Structured programming

Graphical representation of the three basic patterns — sequence, selection, and repetition — using NS diagrams (blue) and flow charts (green).

Programming paradigm aimed at improving the clarity, quality, and development time of a computer program by making extensive use of the structured control flow constructs of selection and repetition (while and for), block structures, and subroutines.

- Structured programming

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Conditional (computer programming)

In computer science, conditionals (that is, conditional statements, conditional expressions and conditional constructs,) are programming language commands for handling decisions.

If-Then-Else flow diagram
A nested "If–Then–Else" flow diagram

As a result, structured programming, which allows (virtually) arbitrary statements to be put in statement blocks inside an statement, gained in popularity, until it became the norm even in most BASIC programming circles.

Pascal (programming language)

Pascal is an imperative and procedural programming language, designed by Niklaus Wirth as a small, efficient language intended to encourage good programming practices using structured programming and data structuring.

Block (programming)

Lexical structure of source code which is grouped together.

Ada Lovelace, whose notes added to the end of Luigi Menabrea's paper included the first algorithm designed for processing by an Analytical Engine. She is often recognized as history's first computer programmer.

Blocks are fundamental to structured programming, where control structures are formed from blocks.

PL/I

Procedural, imperative computer programming language developed and published by IBM.

Computer memory map

It supports recursion, structured programming, linked data structure handling, fixed-point, floating-point, complex, character string handling, and bit string handling.

Ada (programming language)

Augusta Ada King, Countess of Lovelace.

Ada is a structured, statically typed, imperative, and object-oriented high-level programming language, extended from Pascal and other languages.

Python (programming language)

High-level, interpreted, general-purpose programming language.

The designer of Python, Guido van Rossum, at OSCON 2006
The standard type hierarchy in Python 3
Python Powered

It supports multiple programming paradigms, including structured (particularly procedural), object-oriented and functional programming.

Edsger W. Dijkstra

Dutch computer scientist, programmer, software engineer, systems scientist, science essayist, and pioneer in computing science.

Dijkstra in 2002
The Eindhoven University of Technology, located in Eindhoven in the south of the Netherlands, where Dijkstra was a professor of mathematics from 1962 to 1984.
The University of Texas at Austin, where Dijkstra held the Schlumberger Centennial Chair in Computer Sciences from 1984 until 1999.
Dijkstra's algorithm. It picks the unvisited vertex with the lowest-distance, calculates the distance through it to each unvisited neighbor, and updates the neighbor's distance if smaller. Mark visited (set to red) when done with neighbors.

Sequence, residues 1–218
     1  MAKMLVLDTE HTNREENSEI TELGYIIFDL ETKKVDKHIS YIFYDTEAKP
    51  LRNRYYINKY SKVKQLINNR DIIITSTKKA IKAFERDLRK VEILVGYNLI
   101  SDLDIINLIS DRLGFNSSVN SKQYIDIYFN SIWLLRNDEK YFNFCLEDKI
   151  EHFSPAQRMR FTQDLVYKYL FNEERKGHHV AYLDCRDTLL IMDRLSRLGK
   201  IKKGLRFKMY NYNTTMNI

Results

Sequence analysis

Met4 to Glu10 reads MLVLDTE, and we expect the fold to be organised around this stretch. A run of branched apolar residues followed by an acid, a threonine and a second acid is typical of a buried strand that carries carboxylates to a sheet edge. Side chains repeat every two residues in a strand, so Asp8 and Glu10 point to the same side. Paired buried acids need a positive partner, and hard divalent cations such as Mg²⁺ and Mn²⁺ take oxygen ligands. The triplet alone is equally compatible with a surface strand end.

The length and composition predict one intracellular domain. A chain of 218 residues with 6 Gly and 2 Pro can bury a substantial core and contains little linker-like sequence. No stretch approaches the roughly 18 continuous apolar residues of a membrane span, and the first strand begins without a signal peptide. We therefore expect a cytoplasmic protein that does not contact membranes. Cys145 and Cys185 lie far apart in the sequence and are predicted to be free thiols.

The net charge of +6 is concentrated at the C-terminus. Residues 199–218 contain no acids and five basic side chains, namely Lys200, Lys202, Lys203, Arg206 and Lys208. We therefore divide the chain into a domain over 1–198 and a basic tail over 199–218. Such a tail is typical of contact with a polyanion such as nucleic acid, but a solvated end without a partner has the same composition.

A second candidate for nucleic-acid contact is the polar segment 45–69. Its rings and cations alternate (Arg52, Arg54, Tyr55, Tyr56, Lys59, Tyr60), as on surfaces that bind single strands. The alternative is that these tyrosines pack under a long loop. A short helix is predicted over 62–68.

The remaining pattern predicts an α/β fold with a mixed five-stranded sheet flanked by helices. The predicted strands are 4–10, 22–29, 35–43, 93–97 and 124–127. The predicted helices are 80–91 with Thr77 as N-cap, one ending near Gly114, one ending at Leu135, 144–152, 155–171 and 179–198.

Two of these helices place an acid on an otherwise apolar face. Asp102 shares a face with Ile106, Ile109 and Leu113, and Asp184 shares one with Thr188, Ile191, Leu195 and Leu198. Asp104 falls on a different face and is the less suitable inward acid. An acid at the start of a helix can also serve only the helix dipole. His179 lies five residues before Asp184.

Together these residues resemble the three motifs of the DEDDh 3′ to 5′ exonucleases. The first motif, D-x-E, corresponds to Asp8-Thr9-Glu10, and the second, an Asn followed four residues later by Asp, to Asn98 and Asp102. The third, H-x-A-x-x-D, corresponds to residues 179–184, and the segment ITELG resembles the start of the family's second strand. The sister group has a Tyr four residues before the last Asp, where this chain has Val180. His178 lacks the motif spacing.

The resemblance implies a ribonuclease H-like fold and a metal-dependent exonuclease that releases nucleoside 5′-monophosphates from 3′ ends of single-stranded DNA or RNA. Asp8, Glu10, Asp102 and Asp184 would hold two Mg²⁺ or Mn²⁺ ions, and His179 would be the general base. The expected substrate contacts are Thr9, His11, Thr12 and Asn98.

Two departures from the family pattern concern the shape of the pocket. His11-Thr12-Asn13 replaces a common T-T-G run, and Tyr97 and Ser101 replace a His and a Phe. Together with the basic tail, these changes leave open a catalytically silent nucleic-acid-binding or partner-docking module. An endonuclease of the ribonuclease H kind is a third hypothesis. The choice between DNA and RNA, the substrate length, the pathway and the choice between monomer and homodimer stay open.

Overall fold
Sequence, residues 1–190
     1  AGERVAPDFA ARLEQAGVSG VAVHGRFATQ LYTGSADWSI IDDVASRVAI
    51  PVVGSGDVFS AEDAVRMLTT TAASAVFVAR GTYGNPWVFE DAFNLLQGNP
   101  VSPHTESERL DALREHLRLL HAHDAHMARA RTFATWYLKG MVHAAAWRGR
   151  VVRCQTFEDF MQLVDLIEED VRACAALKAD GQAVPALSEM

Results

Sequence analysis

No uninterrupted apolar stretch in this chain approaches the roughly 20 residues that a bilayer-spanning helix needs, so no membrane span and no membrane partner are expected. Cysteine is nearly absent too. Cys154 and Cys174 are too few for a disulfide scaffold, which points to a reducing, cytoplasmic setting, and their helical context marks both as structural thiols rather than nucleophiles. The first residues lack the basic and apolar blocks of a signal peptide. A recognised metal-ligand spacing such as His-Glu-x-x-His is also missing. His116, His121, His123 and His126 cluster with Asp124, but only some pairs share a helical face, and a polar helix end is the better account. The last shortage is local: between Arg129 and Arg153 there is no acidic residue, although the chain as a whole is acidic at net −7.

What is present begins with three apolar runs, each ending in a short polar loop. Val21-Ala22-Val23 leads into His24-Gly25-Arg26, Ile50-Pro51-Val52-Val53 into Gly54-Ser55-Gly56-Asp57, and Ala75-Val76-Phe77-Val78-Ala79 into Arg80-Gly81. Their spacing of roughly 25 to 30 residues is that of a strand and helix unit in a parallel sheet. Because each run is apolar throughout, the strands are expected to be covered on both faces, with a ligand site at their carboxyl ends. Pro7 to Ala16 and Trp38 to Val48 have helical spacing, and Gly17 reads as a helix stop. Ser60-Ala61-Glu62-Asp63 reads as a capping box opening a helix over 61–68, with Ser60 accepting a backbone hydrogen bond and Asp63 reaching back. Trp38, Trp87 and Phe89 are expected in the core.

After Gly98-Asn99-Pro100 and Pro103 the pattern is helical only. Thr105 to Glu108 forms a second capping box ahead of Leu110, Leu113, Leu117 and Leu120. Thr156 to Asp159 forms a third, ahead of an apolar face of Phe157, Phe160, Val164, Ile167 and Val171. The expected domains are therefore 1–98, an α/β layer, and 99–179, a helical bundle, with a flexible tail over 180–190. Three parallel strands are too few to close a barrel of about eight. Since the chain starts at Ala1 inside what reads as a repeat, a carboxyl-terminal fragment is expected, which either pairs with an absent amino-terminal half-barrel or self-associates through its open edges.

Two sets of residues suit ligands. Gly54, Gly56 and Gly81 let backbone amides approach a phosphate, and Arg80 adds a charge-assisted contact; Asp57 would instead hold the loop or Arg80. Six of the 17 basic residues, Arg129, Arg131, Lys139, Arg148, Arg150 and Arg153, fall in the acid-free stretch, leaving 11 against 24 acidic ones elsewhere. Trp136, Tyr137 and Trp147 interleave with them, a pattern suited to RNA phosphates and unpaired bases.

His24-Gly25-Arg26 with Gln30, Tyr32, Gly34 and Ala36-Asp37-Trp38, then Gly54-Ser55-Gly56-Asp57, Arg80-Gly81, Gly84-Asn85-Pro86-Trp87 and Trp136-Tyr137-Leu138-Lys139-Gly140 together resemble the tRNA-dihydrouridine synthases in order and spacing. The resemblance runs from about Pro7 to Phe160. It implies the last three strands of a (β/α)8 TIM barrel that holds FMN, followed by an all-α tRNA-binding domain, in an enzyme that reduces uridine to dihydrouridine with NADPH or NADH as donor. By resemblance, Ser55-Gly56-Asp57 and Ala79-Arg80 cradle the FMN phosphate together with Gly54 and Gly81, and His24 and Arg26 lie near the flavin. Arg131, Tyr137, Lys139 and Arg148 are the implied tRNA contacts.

ALGOL 60 was created as the result of the January 1960 ALGOL conference in Paris. By August 1960, Dijkstra and his colleague Jaap Zonneveld put into operation the first complete working ALGOL 60 compiler (for the Electrologica X1 computer) in the world. The Dijkstra–Zonneveld compiler predates the second ALGOL 60 compiler (by another group) by more than a year.
A semaphore (seinpaal), the term used in Dijkstra's original paper. In the early 1960s Dijkstra proposed the first synchronisation mechanism for concurrent processes, the semaphore with its two operations, P and V.
A simple example of two processes modifying a linked list at the same time causing a conflict. The requirement of mutual exclusion was first identified and solved by Dijkstra in his seminal 1965 paper titled Solution of a problem in concurrent programming control, and is credited as the first topic in the study of concurrent algorithms.
Illustration of the dining philosophers problem
Dijkstra at the blackboard during a conference at ETH Zurich in 1994. He once remarked, "A picture may be worth a thousand words, a formula is worth a thousand pictures."

He coined the phrase "structured programming" and during the 1970s this became the new programming orthodoxy.

Programming paradigm

Programming paradigms are a way to classify programming languages based on their features.

Overview of the various programming paradigms according to Peter Van Roy

For instance, pure functional programming disallows use of side-effects, while structured programming disallows use of the goto statement.

C (programming language)

General-purpose computer programming language.

Dennis Ritchie (right), the inventor of the C programming language, with Ken Thompson
The cover of the book The C Programming Language, first edition, by Brian Kernighan and Dennis Ritchie
"Hello, World!" program by Brian Kernighan (1978)
The C Programming Language
The TIOBE index graph, showing a comparison of the popularity of various programming languages

C is an imperative procedural language supporting structured programming, lexical variable scope, and recursion, with a static type system.

Goto

Statement found in many computer programming languages.

"GOTO" key on the 1982 Sinclair ZX Spectrum home computer, implemented with native BASIC (one-key command entry).

The 1970s and 1980s saw a decline in the use of GOTO statements in favor of the "structured programming" paradigm, with goto criticized as leading to "unmaintainable spaghetti code" (see below).